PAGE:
We have two credit centers in Mabriyòl, a two-hour ride eastward from Marigo along the main road to Belle Anse and Thiotte. The older office in Jakmèl established Fonkoze’s presence there, several years before the Marigo office opened. Jakmèl is about 45 more minutes to the west, so the existence of a Jakmèl credit center in Mabriyòl reflects how little distance from an office was considered in opening up new regions during Fonkoze’s initial phase of growth.
The two centers were originally a single center, but they flourished so successfully that it became necessary to divide them in two. Mabriyòl is a relatively populous, very rural area in the mountains above Belle Anse. It has a small, one-room health clinic and a public primary school, but little else. The population isn’t concentrated in a center of town, but spread more-or-less evenly across the hillside.
It’s hard for me to get to Mabriyòl. It’s not that it’s especially inaccessible. We have centers that are farther, harder to get to, or both. But it meets on Monday mornings. I try to spend as many Sundays as I can at home in Kaglo, and if I leave by 3:00 AM on Monday, I can get to work around 8:00. But the credit agent who works in Mabriyòl leaves our office at 6:00. Going with him requires me to spend Sunday night in Marigo, something worth doing now and again, but not every week if I don’t have to.
My first visit to Mabriyòl was a happy occasion. We were to improvise a surprise graduation ceremony for two of our borrowers. In this context, “graduation” means moving from solidarity-group credit into individual loans.
It might be hard to appreciate the magnitude of this accomplishment. All solidarity-group loans start at 3000 gourds. Individual loans begin at 50,000 gourds. So the two women who were ready to take this step had managed to borrow and repay about ten loans of increasing size, over the course of five or six years, through floods, droughts, hurricanes, political upheavals, a deteriorating economic landscape, and other impediments. And they did so while living with one of the poorest regions in Haiti on one side of them and a small coastal town with only a small marketplace on the other. They worked and continue to work by traveling back and forth to Port au Prince, carrying produce in one direction, and manufactured goods in the other. Transportation in Haiti is always a challenge, but these women persevered. They are the distribution network that links their very rural community with Port au Prince, Jacmel, and the world generally.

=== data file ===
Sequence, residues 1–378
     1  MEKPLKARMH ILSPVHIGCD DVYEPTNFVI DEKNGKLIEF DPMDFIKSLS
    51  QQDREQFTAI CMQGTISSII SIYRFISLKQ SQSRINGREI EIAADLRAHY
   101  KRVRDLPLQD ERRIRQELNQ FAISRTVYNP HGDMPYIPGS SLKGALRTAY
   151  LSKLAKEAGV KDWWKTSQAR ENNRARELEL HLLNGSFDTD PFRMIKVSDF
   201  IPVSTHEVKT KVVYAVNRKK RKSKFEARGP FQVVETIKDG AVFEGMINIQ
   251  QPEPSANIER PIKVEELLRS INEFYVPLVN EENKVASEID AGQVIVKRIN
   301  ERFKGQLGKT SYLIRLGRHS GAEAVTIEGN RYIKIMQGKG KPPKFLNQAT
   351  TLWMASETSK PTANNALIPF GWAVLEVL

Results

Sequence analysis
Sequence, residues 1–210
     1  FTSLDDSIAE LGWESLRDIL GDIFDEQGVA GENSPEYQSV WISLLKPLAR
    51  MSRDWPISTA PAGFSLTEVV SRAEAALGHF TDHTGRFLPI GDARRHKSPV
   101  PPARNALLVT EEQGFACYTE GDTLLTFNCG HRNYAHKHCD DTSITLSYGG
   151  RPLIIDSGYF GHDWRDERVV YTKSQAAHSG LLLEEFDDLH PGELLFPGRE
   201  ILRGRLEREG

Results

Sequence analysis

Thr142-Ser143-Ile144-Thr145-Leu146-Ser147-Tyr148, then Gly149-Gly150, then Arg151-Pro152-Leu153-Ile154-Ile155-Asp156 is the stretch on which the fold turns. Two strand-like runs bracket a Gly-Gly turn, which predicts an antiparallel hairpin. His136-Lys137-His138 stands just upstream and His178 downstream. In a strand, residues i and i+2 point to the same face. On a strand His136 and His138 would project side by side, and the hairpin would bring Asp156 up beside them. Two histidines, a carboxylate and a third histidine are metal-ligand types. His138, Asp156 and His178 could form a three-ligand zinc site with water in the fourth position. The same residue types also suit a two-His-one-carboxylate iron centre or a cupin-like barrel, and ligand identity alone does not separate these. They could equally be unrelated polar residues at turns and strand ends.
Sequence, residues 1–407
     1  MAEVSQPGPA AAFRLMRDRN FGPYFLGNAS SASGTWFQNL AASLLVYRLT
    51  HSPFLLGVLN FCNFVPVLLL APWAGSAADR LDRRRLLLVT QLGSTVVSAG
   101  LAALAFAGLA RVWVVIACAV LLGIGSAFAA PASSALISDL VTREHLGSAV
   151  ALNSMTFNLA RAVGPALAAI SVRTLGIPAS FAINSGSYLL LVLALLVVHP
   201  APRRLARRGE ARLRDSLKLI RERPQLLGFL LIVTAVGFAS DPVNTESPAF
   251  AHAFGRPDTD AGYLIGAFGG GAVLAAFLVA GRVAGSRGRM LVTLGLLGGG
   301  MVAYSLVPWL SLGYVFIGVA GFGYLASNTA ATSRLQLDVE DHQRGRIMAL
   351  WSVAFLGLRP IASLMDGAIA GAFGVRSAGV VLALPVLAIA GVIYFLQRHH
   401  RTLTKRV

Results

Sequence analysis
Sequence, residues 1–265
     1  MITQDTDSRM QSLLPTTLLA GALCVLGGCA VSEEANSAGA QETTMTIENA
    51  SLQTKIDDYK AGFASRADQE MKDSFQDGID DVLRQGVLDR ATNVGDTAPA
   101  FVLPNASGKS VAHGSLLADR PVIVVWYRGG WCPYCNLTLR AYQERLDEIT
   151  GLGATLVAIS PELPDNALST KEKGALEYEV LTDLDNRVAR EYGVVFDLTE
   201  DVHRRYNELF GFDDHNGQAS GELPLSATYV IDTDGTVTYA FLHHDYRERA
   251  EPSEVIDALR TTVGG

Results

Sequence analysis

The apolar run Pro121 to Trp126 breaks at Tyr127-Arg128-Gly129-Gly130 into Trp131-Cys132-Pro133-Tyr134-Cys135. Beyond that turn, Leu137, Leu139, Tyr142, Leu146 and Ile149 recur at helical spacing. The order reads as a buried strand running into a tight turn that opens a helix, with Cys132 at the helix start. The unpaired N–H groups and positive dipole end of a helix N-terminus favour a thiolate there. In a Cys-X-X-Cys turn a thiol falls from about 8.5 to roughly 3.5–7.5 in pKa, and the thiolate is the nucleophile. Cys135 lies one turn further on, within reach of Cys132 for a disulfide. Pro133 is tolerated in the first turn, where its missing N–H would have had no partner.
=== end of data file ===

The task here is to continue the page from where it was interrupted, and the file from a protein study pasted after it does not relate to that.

They had just received their new, individual loans, and they are no longer required to come to meetings. They now receive their loans and make their repayments through an entirely different mechanism. But had come to the center meeting because they know they still have a role to play. They are leaders among the Mabriyòl women, both by the example that they offer and the central roles they choose to play. One was the center’s long-time elected chief. Since their center has been struggling with poor attendance and loan delinquency, they aren’t ready to simply turn it over to its new chief.
They both belong to the center in Upper Mabriyòl, and we went to the one in Lower Mabriyòl first. It’s a smaller center, but its troubles are a little more serious. I wanted to have a look. Our first step towards strengthening weak centers was to hold workshops for the centers’ chiefs. We feel, first, that they are the ones best positioned to draw women back to the centers and, second, that once attendance is regular, repayment issues will be easier to solve.
I was especially anxious for this opportunity because I hadn’t been able to attend the workshop for Mabriyòl and neighboring centers. A credit agent who had attended one that I led had had to lead it himself. So I wanted to see whether his workshop would have an effect.
The centerpiece of the workshop was our sense that center meetings were no longer either interesting or fun. They had become long and boring because entirely dominated by the mundane details of giving out loans and collecting repayments. Our twin priorities would be to quicken the repayment process by better organizing it and to create and use space within meetings for activities that are pleasant and useful to center members. The meeting in Mabriyòl had very little reimbursement scheduled, so it would mainly b a chance to see how the center chief and credit agent would use some free time.